Q. I invested in a Post Office Bond in October 2008, aware that my money would be invested by the Post Office with the Bank of Ireland. The printed material from the Post Office said I was "saving with the Post Office". On 15 January, I received a letter using the Post Office logo stating that, because the level of protection under Ireland's Depositors Protection Scheme had been increased by the Irish government to €100,000 (£94,000), the Post Office would "no longer [be] part of the UK Financial Services Compensation Scheme". My investment is instead covered by the Irish scheme. The Post Office seems to regard itself just as an introducer of business between individuals and the Bank of Ireland and is casting savers adrift without accepting responsibilities towards us. This will not do – I invested with them because I trusted the Post Office and I believed that I was protected by the UK Financial Services Compensation Scheme. ML, Norfolk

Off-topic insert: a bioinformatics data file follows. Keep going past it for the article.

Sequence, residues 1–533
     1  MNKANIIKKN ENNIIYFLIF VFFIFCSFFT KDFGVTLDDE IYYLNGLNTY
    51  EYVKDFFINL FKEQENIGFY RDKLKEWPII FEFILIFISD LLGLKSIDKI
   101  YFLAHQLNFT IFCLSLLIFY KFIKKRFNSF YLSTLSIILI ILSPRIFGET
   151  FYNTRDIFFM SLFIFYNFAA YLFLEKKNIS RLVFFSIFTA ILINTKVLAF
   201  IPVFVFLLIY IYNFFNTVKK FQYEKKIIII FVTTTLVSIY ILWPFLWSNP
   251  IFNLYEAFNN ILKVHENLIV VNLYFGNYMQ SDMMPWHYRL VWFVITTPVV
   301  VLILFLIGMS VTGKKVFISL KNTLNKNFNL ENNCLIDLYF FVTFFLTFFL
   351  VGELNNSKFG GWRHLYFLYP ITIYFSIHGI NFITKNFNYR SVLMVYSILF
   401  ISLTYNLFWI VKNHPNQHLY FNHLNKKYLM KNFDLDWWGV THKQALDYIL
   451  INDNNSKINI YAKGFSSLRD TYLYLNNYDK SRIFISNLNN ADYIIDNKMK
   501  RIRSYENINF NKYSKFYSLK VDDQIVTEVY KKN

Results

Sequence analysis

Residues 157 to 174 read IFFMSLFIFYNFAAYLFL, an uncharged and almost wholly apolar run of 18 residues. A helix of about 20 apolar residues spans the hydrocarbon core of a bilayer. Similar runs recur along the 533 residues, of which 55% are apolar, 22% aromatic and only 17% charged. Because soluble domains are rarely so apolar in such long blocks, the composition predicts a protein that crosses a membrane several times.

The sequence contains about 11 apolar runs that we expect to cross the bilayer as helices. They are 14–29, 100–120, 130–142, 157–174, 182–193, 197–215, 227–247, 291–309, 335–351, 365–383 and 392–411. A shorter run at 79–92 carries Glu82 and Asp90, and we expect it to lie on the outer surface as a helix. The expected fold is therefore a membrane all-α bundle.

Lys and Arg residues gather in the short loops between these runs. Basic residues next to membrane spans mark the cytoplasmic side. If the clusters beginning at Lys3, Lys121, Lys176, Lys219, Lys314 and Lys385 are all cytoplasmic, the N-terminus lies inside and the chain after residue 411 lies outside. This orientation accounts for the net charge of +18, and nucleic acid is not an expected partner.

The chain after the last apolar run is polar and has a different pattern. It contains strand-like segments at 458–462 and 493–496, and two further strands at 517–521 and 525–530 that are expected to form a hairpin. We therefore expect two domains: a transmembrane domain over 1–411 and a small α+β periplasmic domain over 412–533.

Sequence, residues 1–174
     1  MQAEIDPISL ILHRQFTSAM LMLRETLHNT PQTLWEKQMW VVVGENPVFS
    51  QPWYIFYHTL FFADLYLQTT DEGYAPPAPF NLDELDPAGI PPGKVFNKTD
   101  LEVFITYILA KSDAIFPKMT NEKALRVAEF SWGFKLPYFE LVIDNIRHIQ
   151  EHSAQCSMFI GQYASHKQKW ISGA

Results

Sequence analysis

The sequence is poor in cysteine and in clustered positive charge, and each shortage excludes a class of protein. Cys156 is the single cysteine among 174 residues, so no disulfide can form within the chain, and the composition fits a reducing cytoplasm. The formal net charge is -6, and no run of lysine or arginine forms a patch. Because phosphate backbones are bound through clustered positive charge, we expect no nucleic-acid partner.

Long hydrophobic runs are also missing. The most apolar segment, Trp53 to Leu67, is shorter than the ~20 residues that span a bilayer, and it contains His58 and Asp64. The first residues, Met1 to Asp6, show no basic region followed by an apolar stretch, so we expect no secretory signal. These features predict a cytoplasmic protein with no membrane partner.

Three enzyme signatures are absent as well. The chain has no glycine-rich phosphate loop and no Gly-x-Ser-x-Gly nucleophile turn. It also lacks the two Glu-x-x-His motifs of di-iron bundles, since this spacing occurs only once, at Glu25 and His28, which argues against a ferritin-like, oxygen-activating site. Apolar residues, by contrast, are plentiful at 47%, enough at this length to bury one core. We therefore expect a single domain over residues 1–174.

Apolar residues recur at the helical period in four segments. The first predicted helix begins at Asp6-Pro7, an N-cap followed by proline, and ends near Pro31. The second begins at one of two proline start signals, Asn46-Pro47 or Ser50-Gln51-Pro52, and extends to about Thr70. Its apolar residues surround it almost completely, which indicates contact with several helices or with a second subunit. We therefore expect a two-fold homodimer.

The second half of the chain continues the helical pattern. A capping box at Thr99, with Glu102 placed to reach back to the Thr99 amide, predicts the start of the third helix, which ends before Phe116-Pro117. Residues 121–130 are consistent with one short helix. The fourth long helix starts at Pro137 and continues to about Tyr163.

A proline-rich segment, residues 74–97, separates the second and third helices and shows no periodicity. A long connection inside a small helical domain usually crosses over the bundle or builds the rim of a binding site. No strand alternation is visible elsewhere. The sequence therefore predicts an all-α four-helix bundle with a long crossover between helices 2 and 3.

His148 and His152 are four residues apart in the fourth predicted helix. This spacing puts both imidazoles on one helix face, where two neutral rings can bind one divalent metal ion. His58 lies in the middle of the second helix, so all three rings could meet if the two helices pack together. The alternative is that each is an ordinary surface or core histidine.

A. The level of compensation afforded by Ireland's Deposit Protection Scheme was raised again on 31 December and is now unlimited. This compares with the limit provided under the UK's Financial Services Compensation Scheme, which is currently £50,000 per investor, per institution. The FSCS explains that the Bank of Ireland was always only a partial member of the FSCS system. Any compensation payable to customers, should the Bank of Ireland default, would previously have been covered by the Irish system up to its limits – with the FSCS topping this up to its protection limit. When the Irish system adopted a more generous limit than that of the FSCS, the FSCS scheme became irrelevant. A spokesman for the Post Office adds that customers "should be quite happy about this" increased level of guarantee. Your concern may be related to press reports questioning the strength of Irish public finances and wondering whether the Irish government would be able to honour its guarantees. This follows a negative outlook warning issued by the Standard & Poor's credit ratings agency. Neither the Post Office nor the FSCS is willing to speculate what would happen should the Irish government be unable to meet its guarantees – which is not a likely outcome at this time. Any default by the Irish government, should one happen, would be subject to inter-governmental negotiations. The Bank of Ireland failed to respond to repeated requests asking whether customers can close their accounts without penalty given the changes in compensation scheme arrangements.